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Darwin's Worms: On Life Stories and Death…
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Darwin's Worms: On Life Stories and Death Stories

by Adam Phillips

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I can't recommend this book highly enough. There are three discrete sections. The first is a meditation on suffering and life in general. Phillips explores the question of our relationship to suffering through the lenses of Freud and Darwin (two seemingly incompatible figure who, remarkably and through Phillips' perspective, have very similar outlooks). The second explores Darwin's fascination with worms but it's really a proxy for an exploration on our place in the world...the place of "higher" sentient beings.
The third is an exploration of, in effect, death. And our ambivalent reactions to death. To be clear, Phillips doesn't examine, say, our relationship to the dying or even our own physical death, but the role of the reality of death, transience, and impermanence play in our ability to fully live. In short, it's a remarkable and remarkably challenging set of expositions.

"When Darwin writes about his talented worms, or Freud writes about his shrewd, wayward death instinct, they are presenting us with new kinds of heroic nature. And by doing so they ask us, ultimately, to imagine ourselves, to describe ourselves from nature's point of view; but in the full knowledge that nature, by (their) definition, doesn't have one. They want us, in short, not to be unduly dismayed by our mortality - to live with our own deaths."

Adam Phillips. Darwin's Worms On Life Stories And Death Stories (Kindle Locations 1129-1131). Kindle Edition. ( )
  JerryColonna | Jan 1, 2012 |
The author (a British psychotherapist) outlines the beliefs of Darwin and Freud in “the permanence only of change and uncertainty; that the only life is the life of the body, so that death, in whatever form it takes, is a piece with life.” He calls others to give up their attempts at permanence, by releasing their beliefs either in God or in the perfectability of man, and instead embrace the transience of life and nature. Using Darwin’s fondness for worms and Freud’s disdain for biography, he advocates a healthy optimism in life and embracing of death as nothing more (or less) than the final piece of a puzzle which ultimately has no solution. ( )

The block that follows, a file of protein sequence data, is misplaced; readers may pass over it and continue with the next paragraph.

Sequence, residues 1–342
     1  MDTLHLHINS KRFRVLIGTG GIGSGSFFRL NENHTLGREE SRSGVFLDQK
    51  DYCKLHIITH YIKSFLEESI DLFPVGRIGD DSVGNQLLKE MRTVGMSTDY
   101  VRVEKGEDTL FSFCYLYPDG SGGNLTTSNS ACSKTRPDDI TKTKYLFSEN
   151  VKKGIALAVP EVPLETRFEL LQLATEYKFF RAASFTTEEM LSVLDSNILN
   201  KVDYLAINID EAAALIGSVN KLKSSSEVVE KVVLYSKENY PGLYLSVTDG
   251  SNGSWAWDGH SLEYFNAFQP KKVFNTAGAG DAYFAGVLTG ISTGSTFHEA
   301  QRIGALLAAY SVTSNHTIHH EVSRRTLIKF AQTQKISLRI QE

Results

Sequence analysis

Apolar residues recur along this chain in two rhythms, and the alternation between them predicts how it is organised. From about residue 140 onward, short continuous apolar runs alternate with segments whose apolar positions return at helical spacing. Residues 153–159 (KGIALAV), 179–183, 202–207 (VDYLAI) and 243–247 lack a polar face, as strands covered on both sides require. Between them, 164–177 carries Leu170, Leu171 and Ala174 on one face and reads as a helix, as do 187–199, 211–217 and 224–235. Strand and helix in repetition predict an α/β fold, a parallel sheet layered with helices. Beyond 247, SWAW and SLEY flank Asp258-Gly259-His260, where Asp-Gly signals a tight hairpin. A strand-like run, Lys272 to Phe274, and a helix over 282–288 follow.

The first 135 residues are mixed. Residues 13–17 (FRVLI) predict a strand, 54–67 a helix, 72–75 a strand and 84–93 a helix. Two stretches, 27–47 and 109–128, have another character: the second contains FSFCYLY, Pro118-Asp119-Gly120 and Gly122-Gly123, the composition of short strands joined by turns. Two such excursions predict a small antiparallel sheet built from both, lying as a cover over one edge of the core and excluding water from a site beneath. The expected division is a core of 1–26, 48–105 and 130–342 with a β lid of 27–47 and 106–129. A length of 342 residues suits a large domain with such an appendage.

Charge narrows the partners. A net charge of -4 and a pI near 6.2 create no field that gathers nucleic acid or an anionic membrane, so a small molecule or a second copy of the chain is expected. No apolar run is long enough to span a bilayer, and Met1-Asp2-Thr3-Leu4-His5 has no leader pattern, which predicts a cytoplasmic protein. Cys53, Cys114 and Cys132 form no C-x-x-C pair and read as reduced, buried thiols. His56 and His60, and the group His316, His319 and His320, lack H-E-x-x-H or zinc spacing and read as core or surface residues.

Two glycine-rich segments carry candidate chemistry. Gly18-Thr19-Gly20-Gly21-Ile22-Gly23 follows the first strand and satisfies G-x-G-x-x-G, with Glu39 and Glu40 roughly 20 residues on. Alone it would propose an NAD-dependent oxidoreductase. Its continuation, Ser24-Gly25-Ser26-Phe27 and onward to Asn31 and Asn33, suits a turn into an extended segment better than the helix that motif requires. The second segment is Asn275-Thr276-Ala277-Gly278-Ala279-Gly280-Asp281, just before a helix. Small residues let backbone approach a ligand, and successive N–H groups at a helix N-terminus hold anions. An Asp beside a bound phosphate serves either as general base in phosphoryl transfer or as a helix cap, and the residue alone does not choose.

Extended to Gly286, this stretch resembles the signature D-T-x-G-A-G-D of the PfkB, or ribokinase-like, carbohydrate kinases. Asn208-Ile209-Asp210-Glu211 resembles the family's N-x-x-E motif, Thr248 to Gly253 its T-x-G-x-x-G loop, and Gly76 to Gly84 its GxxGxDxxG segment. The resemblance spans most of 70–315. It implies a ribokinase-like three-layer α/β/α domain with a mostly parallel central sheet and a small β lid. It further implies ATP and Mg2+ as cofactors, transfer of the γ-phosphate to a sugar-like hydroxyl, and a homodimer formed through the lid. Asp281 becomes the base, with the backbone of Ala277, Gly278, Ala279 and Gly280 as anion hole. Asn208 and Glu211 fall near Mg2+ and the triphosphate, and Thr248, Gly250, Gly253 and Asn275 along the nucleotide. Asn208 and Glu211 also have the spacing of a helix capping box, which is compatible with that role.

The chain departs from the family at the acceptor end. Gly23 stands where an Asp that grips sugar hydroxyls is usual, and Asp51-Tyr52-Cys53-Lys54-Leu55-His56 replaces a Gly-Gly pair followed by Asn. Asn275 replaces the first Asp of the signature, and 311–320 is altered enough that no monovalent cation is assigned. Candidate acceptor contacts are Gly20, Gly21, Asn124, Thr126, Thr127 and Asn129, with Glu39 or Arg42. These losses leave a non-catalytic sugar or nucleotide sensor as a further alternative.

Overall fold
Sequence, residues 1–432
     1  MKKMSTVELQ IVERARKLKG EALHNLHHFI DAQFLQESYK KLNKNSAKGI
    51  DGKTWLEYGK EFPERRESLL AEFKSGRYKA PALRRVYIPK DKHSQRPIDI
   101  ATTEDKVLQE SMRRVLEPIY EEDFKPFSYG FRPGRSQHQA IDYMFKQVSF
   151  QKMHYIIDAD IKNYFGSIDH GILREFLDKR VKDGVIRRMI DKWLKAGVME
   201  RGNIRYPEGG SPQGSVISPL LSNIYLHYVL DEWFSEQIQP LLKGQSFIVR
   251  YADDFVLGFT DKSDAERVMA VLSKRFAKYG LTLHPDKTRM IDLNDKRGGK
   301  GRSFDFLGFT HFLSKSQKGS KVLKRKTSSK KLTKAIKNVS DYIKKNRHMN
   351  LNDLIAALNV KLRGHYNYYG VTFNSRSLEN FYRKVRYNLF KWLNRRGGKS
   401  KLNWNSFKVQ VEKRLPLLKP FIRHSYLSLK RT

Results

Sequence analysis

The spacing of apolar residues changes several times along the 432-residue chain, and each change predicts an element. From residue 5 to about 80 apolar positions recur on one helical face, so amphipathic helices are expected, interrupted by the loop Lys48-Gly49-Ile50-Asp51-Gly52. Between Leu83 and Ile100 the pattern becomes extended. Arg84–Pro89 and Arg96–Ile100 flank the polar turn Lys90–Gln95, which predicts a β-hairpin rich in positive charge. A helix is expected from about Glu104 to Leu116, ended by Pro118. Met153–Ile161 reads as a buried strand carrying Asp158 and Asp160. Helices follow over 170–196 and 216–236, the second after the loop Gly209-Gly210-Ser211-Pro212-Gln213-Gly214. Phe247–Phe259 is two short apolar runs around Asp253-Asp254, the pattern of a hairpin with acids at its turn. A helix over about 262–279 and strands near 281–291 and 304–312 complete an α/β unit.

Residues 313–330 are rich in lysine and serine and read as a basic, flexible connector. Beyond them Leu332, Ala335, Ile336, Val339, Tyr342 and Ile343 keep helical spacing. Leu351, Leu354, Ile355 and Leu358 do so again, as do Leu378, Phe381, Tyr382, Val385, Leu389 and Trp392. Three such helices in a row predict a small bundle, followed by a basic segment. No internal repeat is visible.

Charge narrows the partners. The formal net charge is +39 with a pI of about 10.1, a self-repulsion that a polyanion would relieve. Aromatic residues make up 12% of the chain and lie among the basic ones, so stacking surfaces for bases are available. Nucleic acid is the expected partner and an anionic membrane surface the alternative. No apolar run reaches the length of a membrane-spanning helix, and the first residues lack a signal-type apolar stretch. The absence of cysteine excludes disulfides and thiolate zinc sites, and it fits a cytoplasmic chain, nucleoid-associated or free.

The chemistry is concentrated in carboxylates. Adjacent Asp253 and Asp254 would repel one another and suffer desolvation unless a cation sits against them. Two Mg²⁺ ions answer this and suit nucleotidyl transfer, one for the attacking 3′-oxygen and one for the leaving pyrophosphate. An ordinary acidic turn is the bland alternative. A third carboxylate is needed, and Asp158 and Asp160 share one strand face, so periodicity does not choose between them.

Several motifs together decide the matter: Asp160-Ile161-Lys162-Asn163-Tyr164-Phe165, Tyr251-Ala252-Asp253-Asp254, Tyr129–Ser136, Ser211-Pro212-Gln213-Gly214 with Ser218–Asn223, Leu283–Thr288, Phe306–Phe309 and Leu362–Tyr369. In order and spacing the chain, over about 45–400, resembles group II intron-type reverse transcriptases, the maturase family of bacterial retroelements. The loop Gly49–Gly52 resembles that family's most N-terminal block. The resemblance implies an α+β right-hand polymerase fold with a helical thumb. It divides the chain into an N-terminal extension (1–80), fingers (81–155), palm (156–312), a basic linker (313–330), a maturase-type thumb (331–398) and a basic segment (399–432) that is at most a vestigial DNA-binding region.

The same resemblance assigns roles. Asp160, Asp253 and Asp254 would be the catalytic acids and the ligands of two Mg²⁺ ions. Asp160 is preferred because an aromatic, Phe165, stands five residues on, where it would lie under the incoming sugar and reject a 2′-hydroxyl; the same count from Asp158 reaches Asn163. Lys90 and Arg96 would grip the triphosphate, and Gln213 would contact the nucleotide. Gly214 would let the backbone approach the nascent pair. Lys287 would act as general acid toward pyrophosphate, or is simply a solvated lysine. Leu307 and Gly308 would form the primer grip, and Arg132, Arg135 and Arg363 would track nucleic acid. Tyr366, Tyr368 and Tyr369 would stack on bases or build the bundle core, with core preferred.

MiserableLibrarian | Dec 26, 2007 |
A startlingly original psychoanalytic writer takes on death, loss, and the telling of life stories through an exploration of Darwin and Freud. Adam Phillips has been called "the psychotherapist of the floating world" and "the closest thing we have to a philosopher of happiness." His style is epigrammatic; his intelligence, electric. His new book, Darwin's Worms, uses the biographical details of Darwin's and Freud's lives to examine endings-suffering, mortality, extinction, and death. Both Freud and Darwin were interested in how destruction conserves life. They took their inspiration from fossils or from half-remembered dreams. Each told a story that has altered our perception of our lives. For Darwin, Phillips explains, "the story to tell was how species can drift towards extinction; for Freud, the story was how the individual tended to, and tended towards his own death." In each case, it is a death story that uniquely illuminates the life story.

"[Adam Phillips is] one of the most original inheritors of Freud's legacy. Darwin's Worms is the latest example of Phillips' wonderful ability to tackle weighty subjects in elegant, brief essays, linking evolution and psychoanalysis through the themes of loss and death." -Los Angeles Times
  antimuzak | Nov 19, 2005 |
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Amazon.com Product Description (ISBN 0465056768, Paperback)

Adam Phillips has been called "the psychotherapist of the floating world" and "the closest thing we have to a philosopher of happiness." His style is epigrammatic; his intelligence, electric. His new book, Darwin's Worms, uses the biographical details of Darwin's and Freud's lives to examine endings-suffering, mortality, extinction, and death. Both Freud and Darwin were interested in how destruction conserves life. They took their inspiration from fossils or from half-remembered dreams. Each told a story that has altered our perception of our lives. For Darwin, Phillips explains, "the story to tell was how species can drift towards extinction; for Freud, the story was how the individual tended to, and tended towards his own death." In each case, it is a death story that uniquely illuminates the life story.

(retrieved from Amazon Mon, 30 Sep 2013 13:51:33 -0400)

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